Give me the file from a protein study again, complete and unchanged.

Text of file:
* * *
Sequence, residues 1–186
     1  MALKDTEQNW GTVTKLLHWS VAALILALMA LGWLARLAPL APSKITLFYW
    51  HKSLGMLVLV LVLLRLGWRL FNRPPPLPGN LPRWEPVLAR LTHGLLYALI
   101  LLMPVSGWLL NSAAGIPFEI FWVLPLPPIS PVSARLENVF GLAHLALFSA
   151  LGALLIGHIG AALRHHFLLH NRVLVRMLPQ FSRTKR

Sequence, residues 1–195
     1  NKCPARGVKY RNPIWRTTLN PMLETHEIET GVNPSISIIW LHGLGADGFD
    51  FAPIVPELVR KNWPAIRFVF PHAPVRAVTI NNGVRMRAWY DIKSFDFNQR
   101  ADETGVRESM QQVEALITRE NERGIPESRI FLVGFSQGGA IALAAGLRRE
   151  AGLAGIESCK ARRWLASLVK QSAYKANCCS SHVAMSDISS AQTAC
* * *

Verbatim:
Sequence, residues 1–186
     1  MALKDTEQNW GTVTKLLHWS VAALILALMA LGWLARLAPL APSKITLFYW
    51  HKSLGMLVLV LVLLRLGWRL FNRPPPLPGN LPRWEPVLAR LTHGLLYALI
   101  LLMPVSGWLL NSAAGIPFEI FWVLPLPPIS PVSARLENVF GLAHLALFSA
   151  LGALLIGHIG AALRHHFLLH NRVLVRMLPQ FSRTKR

Sequence, residues 1–195
     1  NKCPARGVKY RNPIWRTTLN PMLETHEIET GVNPSISIIW LHGLGADGFD
    51  FAPIVPELVR KNWPAIRFVF PHAPVRAVTI NNGVRMRAWY DIKSFDFNQR
   101  ADETGVRESM QQVEALITRE NERGIPESRI FLVGFSQGGA IALAAGLRRE
   151  AGLAGIESCK ARRWLASLVK QSAYKANCCS SHVAMSDISS AQTAC